Saturday, September 27, 2014

Literary Athens

I’m off in Athens for five days. I planned on only two, but two can so easily become five in Greece. Not that I’m complaining mind you, as I’m staying with friends who are genuinely more like family, and offer me my own maisonette and garden in which to contemplate and write. It’s a perfect setting, and I’ve finished most of my books in that garden.

This year, though, it’s my first visit.  Not sure why I haven’t spent much time in Athens this year; perhaps because I subliminally wanted to avoid more up close and personal exposure to the tragic toll the financial crisis continues to extract from the day to day lives of so many innocents.

Nowhere on Mykonos can you find a realistic measure of the painful impact those recent years have had on the Greek populace.  Most of Athens offers a contrary vision, though my “family’s” neighborhood—only an eight-euro taxi ride from the center of Athens—is not one of them.

But this isn’t about any of that.

I had several meetings scheduled over two days (the two that morphed into five) that had me travelling to Solonos Street.  Solonos lay at the heart of Athens’ university area and is the place (in front of the law school) where most student demonstrations against [fill in the blank] form up to march on Parliament. It also happens to be the center of Greece’s publishing and literary world.

Law School
Government Literary Office

To get there we passed through Athens equivalent of NYC’s Upper East Side (Kolonaki) into Exarchia, an area that reminds me of NYC’s East Village in pre-gentrification days. 

I was amazed at what I found there.

The place is awash in bookstores, every conceivable kind of bookstore. Block after block of bookstores! I can’t recall ever seeing so many in one place, anywhere.  These photos are less than half of those I passed by. And forget about the graffiti marring the buildings, as that’s a curse haunting all of Athens

I’m told this area stays alive selling books.   I’m also told it’s the “big bookstores” that are taking it on the chin.  Here’s hoping they all do well, but Athens, you really impressed me with how, in the depths of a cursed depression, you’re sustaining your literary balance.  Then again, what less could we expect from the country that so significantly contributed to bringing the play, the novel, and the poem to the world.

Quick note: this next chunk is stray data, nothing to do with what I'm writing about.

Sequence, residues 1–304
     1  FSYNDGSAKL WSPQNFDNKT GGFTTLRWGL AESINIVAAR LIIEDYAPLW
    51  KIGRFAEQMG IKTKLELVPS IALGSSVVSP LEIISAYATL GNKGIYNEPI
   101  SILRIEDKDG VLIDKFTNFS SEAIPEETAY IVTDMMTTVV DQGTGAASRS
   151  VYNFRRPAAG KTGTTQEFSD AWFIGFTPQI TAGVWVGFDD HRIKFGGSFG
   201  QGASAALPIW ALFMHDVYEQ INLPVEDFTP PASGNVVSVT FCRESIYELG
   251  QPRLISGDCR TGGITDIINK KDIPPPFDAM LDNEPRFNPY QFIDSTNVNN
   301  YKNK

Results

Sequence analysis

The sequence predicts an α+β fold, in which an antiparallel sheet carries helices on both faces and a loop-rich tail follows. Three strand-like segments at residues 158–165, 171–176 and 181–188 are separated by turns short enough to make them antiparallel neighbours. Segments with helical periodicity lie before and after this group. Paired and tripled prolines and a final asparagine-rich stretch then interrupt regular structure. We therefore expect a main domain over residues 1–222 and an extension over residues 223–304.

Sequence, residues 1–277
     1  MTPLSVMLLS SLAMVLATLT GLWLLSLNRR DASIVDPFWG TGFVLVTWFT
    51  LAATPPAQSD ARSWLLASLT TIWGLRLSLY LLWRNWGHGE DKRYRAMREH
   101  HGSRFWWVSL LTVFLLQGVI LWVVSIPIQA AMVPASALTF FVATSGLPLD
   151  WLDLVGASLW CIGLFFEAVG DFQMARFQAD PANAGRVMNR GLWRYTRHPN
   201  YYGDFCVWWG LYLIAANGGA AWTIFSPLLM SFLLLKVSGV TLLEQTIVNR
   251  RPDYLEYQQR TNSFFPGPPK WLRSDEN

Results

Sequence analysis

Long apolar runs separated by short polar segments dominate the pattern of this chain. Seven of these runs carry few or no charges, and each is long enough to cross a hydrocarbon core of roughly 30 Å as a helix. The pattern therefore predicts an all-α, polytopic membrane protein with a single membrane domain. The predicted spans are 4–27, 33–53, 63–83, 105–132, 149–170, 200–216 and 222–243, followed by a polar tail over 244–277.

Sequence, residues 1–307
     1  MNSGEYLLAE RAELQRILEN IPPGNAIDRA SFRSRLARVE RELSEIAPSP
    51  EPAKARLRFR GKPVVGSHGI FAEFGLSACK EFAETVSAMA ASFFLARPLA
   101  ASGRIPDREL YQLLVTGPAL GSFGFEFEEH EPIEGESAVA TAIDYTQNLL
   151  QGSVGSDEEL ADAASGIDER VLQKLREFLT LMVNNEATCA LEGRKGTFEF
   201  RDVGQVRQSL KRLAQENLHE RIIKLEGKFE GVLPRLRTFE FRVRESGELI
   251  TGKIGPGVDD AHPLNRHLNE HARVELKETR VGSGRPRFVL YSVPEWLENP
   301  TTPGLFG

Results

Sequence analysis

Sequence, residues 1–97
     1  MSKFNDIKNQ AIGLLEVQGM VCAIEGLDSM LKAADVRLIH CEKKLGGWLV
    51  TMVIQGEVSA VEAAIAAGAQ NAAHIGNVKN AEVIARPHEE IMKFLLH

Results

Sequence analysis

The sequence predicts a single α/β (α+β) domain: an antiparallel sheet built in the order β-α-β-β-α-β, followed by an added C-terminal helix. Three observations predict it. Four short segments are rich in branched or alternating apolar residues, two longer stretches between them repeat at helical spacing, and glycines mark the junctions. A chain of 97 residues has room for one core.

Bravo Athena!

Now for a quick Greek taxi ride. 

You’re coming in from Athens northern suburbs; passing by the US Embassy, Megaron Mousikis (Athens’ equivalent to NYC’s Lincoln Center), the Hilton, the Byzantine Museum, the National Gardens, the French Embassy (that one’s for you Cara), and turning right by Parliament at Syntagma Square across from the Hotel Grande Bretagne (featured in TV coverage of demonstrations at the square); driving by some of Athens most beautiful modern public buildings (including Athens University and the National Library); and taking a right turn onto Hippocrates Street into Kolonaki followed by a left onto Solonos. 

Enjoy the ride. And I've already paid the fare.

US Embassy and Music Center on far right
US Embassy
Music Center
French Embassy
Hilton Hotel on right (reverse travel)
Parliament left (really right), Grand Bretagne straight ahead
Grande Bretagne
Coin Museum
University Buildings
More still
Greece's National Library

By the way did you notice that this week was BSP Free!

Okay, I'm stretching it, but how could I resist this photo?
Can’t say the same for next week as my new book, Sons of Sparta, comes out October 7th.



  1. Oh, m-a-a-a-n, you ALMOST made it. All the way to the VERY LAST LINE! But n-o-o-OH, just couldn't resist, could you? BSP-Free, shot down again by those worthless commie capitalists.

    Er... uh... I think I'll go try on some briefs.

  2. Evka, in my post I was referring to "Blatant Self-Promotion" in the context of the high brow sort of literary content of my post...not the sort of teeny wieny sort of "brief self promotion" you've been putting out there of late.

  3. Ah. My mistake. Well, you know, when your work is brief, you have to put it out there more often, whereas those who work at, shall we say, novel-length, need only put out once per annum to satisfy their audience.

    1. :-) Absolutely. I learned long ago that it's far better to preemptively make fun of yourself rather than to wait for others to unleash their wit upon you. :-)

    2. And you do such a good job of it, too! :)

  4. Love your books Jeffrey. Now just need to read Midnight on Mykonos before your new one comes out

    1. Thank you, Julie, I'm honored! And don't worry, you have a full six days left until "Sons of Sparta" debuts. :)